نتیجه گیری انگلیسی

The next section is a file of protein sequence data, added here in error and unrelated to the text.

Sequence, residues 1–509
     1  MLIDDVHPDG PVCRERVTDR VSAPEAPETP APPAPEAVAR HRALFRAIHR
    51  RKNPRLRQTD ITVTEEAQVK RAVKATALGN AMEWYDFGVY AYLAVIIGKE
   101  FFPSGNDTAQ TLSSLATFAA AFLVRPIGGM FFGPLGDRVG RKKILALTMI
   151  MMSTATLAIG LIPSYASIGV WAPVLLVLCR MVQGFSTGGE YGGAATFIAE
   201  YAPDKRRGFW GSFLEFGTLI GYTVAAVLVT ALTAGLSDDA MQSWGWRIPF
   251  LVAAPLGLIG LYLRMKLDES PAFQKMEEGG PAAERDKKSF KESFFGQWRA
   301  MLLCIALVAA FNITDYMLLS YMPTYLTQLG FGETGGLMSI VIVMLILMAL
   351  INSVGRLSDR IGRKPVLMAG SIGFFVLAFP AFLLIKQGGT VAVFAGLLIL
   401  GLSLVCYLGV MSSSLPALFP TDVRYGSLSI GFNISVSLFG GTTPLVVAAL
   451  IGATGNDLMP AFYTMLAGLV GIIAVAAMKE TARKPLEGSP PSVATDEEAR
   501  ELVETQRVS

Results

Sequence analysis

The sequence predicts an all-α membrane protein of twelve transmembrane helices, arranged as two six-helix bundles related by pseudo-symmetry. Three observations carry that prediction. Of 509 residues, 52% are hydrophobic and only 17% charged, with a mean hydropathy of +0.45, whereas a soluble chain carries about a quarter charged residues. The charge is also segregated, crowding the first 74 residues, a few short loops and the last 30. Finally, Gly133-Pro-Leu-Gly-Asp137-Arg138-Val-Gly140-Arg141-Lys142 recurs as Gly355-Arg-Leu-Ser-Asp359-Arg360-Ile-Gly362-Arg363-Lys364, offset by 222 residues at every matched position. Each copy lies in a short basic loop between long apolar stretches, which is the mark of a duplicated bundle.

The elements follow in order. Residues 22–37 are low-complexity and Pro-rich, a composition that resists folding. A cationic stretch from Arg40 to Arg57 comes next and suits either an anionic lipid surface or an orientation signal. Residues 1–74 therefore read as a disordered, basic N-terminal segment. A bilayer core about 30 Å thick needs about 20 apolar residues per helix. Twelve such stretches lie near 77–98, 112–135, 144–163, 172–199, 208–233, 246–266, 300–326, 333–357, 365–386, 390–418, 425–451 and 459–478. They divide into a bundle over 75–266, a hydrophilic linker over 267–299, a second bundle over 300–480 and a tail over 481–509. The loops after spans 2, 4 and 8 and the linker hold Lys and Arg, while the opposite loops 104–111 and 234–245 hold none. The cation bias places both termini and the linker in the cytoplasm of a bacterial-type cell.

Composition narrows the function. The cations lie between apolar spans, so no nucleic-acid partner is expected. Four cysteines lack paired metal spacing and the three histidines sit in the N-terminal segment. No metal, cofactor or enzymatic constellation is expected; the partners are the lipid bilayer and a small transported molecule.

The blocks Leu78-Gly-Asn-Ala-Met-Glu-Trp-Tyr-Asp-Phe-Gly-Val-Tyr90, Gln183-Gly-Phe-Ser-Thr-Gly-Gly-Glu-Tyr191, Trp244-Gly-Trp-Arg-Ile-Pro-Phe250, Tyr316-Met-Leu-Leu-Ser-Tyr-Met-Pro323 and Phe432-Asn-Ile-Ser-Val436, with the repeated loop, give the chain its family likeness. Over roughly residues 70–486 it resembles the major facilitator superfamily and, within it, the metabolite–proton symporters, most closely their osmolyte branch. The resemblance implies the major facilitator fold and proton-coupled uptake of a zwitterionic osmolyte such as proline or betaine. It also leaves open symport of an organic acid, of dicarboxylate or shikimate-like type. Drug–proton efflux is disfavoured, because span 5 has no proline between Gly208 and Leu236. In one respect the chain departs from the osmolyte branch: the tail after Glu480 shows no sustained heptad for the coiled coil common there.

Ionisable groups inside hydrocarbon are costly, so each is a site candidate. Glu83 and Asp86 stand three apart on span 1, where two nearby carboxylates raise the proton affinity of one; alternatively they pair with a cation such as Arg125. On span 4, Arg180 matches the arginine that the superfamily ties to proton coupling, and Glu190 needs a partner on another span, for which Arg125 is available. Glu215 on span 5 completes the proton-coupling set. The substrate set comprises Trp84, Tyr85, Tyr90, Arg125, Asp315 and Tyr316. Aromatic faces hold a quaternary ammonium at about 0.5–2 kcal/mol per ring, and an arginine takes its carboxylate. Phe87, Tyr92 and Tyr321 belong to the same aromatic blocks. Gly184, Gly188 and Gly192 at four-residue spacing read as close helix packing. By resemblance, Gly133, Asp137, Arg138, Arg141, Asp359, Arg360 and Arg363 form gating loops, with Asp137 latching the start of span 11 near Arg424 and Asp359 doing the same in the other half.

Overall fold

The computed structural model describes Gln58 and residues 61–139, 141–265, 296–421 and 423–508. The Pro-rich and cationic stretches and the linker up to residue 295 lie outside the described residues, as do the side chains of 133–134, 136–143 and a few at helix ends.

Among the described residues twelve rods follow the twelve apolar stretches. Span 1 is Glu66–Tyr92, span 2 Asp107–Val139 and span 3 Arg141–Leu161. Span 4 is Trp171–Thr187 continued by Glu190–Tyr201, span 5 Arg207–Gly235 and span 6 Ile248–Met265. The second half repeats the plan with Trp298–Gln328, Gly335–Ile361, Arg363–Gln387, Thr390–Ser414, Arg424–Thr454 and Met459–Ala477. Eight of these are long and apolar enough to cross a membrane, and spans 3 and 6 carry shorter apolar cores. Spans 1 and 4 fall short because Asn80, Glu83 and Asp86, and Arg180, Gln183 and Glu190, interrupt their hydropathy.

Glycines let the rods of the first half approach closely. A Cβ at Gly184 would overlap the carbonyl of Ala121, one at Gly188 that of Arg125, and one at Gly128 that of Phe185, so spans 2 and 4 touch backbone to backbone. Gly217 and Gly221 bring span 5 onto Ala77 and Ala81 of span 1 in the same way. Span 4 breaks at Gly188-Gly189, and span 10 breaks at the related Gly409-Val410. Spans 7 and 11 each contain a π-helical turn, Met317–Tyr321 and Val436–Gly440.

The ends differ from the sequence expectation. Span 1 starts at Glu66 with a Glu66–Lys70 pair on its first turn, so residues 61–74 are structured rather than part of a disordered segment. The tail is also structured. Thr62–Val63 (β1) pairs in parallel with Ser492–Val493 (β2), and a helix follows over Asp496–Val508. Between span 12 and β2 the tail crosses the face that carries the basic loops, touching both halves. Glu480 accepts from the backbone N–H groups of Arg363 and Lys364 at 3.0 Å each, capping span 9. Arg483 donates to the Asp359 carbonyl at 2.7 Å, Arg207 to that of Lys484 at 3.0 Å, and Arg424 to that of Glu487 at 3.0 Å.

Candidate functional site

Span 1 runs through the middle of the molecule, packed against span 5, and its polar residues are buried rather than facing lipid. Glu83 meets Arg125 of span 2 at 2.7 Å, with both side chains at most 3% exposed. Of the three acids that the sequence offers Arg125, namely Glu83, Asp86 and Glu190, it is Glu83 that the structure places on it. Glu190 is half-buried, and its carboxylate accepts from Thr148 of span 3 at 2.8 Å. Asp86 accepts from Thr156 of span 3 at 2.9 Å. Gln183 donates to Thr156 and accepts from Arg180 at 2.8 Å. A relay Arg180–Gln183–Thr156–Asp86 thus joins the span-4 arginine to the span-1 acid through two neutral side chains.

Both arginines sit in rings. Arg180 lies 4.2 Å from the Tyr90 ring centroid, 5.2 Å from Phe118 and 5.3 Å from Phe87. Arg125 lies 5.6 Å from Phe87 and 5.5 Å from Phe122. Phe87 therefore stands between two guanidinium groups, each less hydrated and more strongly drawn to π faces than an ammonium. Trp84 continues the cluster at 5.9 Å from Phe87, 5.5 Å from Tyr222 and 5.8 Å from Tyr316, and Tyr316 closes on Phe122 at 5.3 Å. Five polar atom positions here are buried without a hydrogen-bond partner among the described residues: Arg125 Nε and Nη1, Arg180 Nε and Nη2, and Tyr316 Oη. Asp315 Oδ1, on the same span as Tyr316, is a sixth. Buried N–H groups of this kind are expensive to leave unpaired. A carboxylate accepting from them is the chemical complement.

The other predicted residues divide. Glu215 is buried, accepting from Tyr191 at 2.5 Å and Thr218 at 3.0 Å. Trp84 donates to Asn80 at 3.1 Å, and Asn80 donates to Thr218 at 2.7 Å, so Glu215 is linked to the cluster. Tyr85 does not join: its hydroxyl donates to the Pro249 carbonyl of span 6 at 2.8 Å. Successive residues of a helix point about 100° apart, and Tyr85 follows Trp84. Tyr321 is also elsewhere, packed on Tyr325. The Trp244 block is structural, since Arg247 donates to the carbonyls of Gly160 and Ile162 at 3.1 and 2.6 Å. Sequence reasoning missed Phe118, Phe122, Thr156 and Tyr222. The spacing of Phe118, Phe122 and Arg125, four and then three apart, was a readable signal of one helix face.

This investigation has focused on the cyclical behavior of the real wage and output fluctuations. Wage rigidity, attributed to explicit or implicit contracts, produces a counter-cyclical response of the real wage that exacerbates output variability. Stickyprice explanations of business cycles establish the source of rigidity in the product market. Faced with menu costs, producers may be reluctant to adjust prices in the short-run, exacerbating output fluctuations. Price rigidity determines, therefore, the pro-cyclical response of the real wage and exacerbates output variability. The empirical investigation has focused on hypotheses that differentiate the validity of the competing explanations of business cycles. Using data for a group of nineteen industrial countries, the time-series evidence highlights nominal wage and price flexibility with respect to aggregate and specific demand shocks. The analysis considers the implications on the cyclical behavior of the real wage and output fluctuations. Nominal wage and price flexibility exhibit some, although moderate, correlation in response to demand shocks. The implication is the real wage may move countercyclically or pro-cyclically with the relative speed of adjusting wages and prices during business cycles. An increase in price flexibility relative to wage flexibility decreases the real wage and moderates output fluctuations during a boom. In contrast, a reduction in the real wage, reflecting more downward rigidity of prices relative to wages, exacerbates output contraction during a downturn. Demand shocks do not differentiate the variability of the nominal wage. It appears, therefore, that nominal wage variability is dominated by supply-side factors. Consequently, output variability increases with the variability of the nominal wage. In contrast, price flexibility with respect to demand shocks differentiates price variability. Accordingly, output variability decreases with respect to price variability across countries. To summarize, across a sample of nineteen industrial countries price flexibility varies independently from conditions in the labor market. This variation determines the cyclical behavior of the real wage and accompanying output fluctuations in sluggishness of price adjustment appears, therefore, more important, compared to nominal wage rigidity, in determining the cyclical behavior of the real wage and output fluctuations across industrial countries.